So when does a rumor cease being a rumor and become a reality? It remains to be seen whether all the recent and persistent rumors about Novartis selling Alcon will come to fruition, but they received a big credibility boost when its chairman, Joerg Reinhardt, said in an interview recently that “in the long run, the question arises as to whether we are the best owner for Alcon.”
That raises another question: If Novartis is not the best owner for Alcon, who is?
Interviewed in the Swiss weekly SonntagsZeitung Reinhardt said, “Alcon has not developed over the past two years as we had expected . . . all options are open in the future.” Reuters ran with the headline, “Alcon chairman says considering sale of Alcon eye care division.”
Novartis has been trying to reverse disappointing results at Alcon for about a year now. In January, Novartis replaced then-CEO Jeff George with Mike Ball after Alcon’s fourth-quarter 2015 sales plummeted 13%. At the time, Alcon’s ophthalmic drug unit shifted over to Novartis’ pharmaceutical division, leaving Alcon to focus on surgical equipment and vision care, including contact lenses.
What are Novartis’ options with Alcon? Based on estimated annual revenue of $5.5 to $6 billion for the surgical and vision care operations, it might take $15 billion or more to close this deal. At that price, the list of potential buyers is very slim.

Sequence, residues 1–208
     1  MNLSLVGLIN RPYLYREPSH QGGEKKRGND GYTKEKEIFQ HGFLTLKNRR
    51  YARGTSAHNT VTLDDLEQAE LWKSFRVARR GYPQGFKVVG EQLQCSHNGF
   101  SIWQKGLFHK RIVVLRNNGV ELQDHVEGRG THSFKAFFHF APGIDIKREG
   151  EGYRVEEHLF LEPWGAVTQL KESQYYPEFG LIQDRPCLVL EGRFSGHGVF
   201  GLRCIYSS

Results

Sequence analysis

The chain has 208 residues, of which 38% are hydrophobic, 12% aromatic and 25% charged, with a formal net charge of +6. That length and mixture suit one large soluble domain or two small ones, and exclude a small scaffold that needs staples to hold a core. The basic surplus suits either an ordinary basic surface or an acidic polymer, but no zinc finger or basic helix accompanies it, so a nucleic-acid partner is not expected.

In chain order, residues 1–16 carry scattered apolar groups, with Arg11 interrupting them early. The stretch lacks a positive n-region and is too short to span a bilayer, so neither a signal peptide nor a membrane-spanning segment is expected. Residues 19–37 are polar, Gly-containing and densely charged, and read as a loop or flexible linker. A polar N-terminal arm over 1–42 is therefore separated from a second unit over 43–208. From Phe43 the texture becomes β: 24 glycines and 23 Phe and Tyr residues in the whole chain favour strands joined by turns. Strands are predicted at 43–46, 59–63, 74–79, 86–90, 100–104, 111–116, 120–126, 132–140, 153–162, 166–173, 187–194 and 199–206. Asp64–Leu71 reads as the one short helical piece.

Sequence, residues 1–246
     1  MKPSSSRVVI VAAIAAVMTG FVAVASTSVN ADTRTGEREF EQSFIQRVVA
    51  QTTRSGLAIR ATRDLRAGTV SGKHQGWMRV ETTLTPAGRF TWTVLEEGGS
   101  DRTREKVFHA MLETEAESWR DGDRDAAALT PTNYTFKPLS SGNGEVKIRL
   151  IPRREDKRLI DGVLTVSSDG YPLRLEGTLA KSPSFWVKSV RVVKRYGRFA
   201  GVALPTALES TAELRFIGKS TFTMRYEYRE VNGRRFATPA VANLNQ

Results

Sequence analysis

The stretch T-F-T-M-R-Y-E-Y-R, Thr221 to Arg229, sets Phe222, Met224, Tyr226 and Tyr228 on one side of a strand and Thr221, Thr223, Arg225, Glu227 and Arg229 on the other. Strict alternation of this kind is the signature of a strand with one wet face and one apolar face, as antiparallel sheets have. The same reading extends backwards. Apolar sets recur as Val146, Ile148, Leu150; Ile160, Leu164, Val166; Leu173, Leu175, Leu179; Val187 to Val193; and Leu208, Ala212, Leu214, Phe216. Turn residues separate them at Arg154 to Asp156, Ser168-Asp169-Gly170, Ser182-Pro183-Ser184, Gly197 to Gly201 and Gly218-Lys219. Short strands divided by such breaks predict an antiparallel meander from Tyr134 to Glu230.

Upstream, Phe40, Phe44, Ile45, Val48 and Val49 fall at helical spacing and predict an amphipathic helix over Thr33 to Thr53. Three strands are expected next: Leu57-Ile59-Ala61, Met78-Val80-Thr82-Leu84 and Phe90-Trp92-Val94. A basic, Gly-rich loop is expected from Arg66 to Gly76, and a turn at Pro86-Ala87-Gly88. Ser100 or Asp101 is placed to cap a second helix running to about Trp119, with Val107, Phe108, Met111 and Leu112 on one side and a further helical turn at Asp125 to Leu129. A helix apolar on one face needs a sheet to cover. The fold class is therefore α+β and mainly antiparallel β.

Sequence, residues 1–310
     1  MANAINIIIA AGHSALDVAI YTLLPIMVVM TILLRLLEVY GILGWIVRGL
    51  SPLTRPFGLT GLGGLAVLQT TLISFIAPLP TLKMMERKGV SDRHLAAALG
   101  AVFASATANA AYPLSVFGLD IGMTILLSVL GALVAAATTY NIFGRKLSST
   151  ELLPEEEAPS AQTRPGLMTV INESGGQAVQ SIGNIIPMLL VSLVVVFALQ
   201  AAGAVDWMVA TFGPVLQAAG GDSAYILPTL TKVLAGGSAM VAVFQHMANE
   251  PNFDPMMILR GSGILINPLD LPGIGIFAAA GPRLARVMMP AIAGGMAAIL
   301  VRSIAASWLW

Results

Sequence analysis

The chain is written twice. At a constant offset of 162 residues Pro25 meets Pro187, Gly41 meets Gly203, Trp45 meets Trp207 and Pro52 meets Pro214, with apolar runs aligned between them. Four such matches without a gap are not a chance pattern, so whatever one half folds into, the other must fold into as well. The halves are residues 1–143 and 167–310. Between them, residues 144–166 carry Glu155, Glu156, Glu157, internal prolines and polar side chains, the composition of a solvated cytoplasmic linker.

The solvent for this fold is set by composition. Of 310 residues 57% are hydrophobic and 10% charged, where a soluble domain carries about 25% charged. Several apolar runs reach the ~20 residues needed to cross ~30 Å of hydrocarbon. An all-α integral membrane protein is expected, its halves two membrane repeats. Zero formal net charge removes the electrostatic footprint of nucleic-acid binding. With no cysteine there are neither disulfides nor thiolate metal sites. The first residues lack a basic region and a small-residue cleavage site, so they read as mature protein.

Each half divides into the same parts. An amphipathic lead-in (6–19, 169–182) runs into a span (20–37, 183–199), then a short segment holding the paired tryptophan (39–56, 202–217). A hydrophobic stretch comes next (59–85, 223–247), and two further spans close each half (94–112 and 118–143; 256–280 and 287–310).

A likely candidate may be Allergan, which owned AMO prior to its spin-off in mid-2002.
Reliable industry sources have indicated that Allergan recently tried aggressively to buy AMO, but was outbid by Johnson & Johnson. Allergan already is a big player in eye care with annual sales of about $2.5 billion and its CEO & President, Brent Saunders, formerly was the CEO of Bausch & Lomb.
A “dark horse” may be Medtronic, a widely diversified medical device company with about $30 billion in annual revenue, but with not much of a footprint in ophthalmology. It has oft been rumored to want to make a big ophthalmic acquisition, but its balance sheet seems stretched, with $30 billion in long-term debt.
A third possibility is a leveraged buyout (LBO) by a large private equity firm, like Kohlberg Kravis & Roberts, which just invested $66 million in the corneal inlay/intraocular lens (IOL) company AcuFocus. Another potential player is Warburg Pincus, which showed its affinity for ophthalmic deals when it did a $4.5 billion LBO of Bausch & Lomb in late 2007.
Finally, another option would be to divest Alcon in a staged transaction, selling part of the company in an initial public offering and then eventually divesting the rest to its shareholders. Nestle, Alcon’s previous owner, pursued a similar path well over a decade ago.
Novartis acquired Alcon in a multi-year series of transactions for about $51 billion, with the final tranche occurring in December 2010. For the year 2010, Alcon generated global revenue of $7.2 billion and was enormously profitable, with a pre-tax profit margin of 35%. After growing nicely in 2011 to 2014, Alcon has struggled in 2015 and 2016 with declining sales and profitability.
At its annual analyst meeting in January 2016, Novartis management blamed Alcon’s recent disappointing performance on “a failure to innovate, inconsistent customer service and underdeveloped capabilities in operations and systems.”